Maria Callas had the voice of an angel. Famed conductor Leonard Bernstein—who might be the one modern figure in classical music everyone can name, thanks to R.E.M.—once called her “pure electricity,” but even that feels understated. Hers was a voice that demanded attention and commanded reverence. She was a diva in the truest sense, garnering a reputation for “tempestuousness” and difficulty that made wonderful fodder for the tabloid press of the era.
No matter how high she climbed in her career, no matter what her accomplishments, she seemed to know that the public and press would view her as they wanted, and so she dismissed it. She knew what she was worth, and she knew what she was. That, of course, only added to the perception many already held, but she, like so many stars and starlets today, let it bounce of her, continuing her track to operatic godhood that led to her being dubbed La Divina.
Of course, it’s always more complex than what we see in the press or what our perceptions tell us. Behind the image and the talent there always lies a person. Director Tom Volf explores the depths of Callas the person in his debut film, the documentary Maria By Callas. Using archival footage from her performances, her interviews, and her personal life, Volf paints an endearing portrait of an artist who strived for perfection and worked hard to achieve it, as well as the woman behind the image.
Callas herself spoke on this dichotomy, telling an interviewer that she views herself as two people—Maria, a regular woman who mourned the loss of a regular life and who sought it where she could, and Callas, the artist from whom fans and press expected nothing less than operatic divinity. Volf explores this in his film, using Callas’s words, spoken by modern day opera star Joyce DiDonato, in letters and writings to examine who both Maria and Callas were.
What emerges is a stunningly intimate film that allows Callas to be reborn for a new generation of audiences. It takes us through her childhood and the overbearing demands of her mother that made her the star she was, through her training in Greece, her legendary rivalries, and her relationship with Aristotle Onassis. Even with all the scandal that followed her throughout her life, Volf chooses to let her work speak largely for itself. Maria By Callas is rife with soul stirring arias and classical vocal works sung in Callas’s distinctive soprano.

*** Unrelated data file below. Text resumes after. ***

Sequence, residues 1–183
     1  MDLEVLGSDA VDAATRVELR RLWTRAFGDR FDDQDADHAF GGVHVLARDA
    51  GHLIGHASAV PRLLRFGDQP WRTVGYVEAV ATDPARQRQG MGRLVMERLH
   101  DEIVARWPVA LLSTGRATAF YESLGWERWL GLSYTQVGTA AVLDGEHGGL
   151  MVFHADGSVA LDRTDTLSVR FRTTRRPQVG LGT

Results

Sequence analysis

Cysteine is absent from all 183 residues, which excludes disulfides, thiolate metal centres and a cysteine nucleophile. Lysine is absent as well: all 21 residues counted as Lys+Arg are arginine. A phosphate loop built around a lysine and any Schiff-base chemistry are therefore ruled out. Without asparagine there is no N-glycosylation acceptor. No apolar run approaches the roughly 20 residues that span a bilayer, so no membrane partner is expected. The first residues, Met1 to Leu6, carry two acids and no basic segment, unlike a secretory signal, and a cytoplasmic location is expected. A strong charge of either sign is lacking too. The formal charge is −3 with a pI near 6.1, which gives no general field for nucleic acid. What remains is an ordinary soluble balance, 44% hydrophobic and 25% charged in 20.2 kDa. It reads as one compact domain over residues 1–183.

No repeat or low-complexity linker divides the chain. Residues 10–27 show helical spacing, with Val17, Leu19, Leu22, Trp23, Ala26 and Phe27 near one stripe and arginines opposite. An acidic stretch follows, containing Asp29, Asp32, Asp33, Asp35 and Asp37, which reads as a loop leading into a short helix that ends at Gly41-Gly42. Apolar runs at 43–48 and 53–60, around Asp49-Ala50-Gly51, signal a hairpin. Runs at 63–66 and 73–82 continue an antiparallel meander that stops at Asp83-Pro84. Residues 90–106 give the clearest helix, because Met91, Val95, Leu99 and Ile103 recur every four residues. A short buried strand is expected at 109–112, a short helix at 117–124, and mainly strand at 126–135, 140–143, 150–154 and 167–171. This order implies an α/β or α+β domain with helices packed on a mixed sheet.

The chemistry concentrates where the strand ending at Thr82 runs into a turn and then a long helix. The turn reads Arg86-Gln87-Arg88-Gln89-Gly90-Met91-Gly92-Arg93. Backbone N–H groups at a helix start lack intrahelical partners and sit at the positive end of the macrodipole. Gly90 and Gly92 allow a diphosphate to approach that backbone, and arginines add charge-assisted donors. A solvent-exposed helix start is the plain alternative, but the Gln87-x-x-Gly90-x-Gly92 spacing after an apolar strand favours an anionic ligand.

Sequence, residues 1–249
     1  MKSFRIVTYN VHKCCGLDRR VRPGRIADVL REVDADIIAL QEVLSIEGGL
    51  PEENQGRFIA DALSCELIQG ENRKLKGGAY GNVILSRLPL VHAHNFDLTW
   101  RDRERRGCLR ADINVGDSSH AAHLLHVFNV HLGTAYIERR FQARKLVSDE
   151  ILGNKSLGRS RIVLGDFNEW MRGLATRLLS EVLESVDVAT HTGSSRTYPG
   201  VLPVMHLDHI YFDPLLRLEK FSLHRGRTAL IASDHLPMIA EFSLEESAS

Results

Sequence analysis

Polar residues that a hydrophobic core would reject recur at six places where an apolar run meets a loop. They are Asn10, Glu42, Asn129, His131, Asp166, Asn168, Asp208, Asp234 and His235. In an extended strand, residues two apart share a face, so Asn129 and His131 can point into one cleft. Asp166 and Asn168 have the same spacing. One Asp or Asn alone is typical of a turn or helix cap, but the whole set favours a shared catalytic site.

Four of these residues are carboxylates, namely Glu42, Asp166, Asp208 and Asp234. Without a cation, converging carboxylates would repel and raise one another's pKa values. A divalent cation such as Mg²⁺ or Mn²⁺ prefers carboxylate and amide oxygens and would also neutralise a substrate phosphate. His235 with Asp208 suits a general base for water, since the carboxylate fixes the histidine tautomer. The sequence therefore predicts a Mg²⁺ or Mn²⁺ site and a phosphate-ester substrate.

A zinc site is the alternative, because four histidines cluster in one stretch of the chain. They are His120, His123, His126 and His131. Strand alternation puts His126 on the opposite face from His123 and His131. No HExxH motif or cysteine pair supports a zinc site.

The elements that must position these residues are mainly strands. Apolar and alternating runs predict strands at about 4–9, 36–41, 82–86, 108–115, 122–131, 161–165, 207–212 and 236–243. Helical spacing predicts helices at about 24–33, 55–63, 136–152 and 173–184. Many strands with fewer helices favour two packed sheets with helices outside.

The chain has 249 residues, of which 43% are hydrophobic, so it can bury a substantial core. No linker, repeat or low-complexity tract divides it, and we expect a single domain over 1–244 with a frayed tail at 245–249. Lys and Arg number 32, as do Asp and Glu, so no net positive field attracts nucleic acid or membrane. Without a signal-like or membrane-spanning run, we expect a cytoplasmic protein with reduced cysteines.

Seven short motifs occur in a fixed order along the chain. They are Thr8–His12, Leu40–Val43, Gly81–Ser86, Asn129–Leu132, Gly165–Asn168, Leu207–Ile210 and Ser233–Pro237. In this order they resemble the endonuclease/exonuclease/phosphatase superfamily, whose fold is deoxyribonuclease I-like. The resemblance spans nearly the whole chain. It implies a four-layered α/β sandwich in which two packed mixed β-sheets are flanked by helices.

It’s easy to get lost in the sultry silkiness of her voice, regardless your familiarity with opera or classical. Volf allows the film to showcase several of her most important aria performances in their entirety, giving the audience a chance to experience Callas as an artist, while telling the story of Maria the woman. She remains magnetic to watch even 40 years since her death, and it’s easy to see the attraction of her legendary presence. Rather than slowing the momentum to the film, these moments allow us deeper insight in the complexity of her character.
They also serve as necessary touchstones through the various phases of her life, offering emotional cues about where she was as a person at any given point. It’s the perfect balance of artist and person that so many musical documentaries have strived for and so few have achieved.
Whether you’re into classical music and opera or not, Maria By Callas offers an insightful look at the dichotomy of art and artist that’s worth looking into. Fans of opera, of course, will have plenty to latch on to musically, with the soul stirring voice of Callas as your guide. Newcomers might be put off, but there’s also the extreme likelihood of being pulled into a world that, these days, is hard to enter. Either way, Maria By Callas is a fascinating documentary that paints a portrait of art like never before.
Maria By Callas is now playing in select theaters.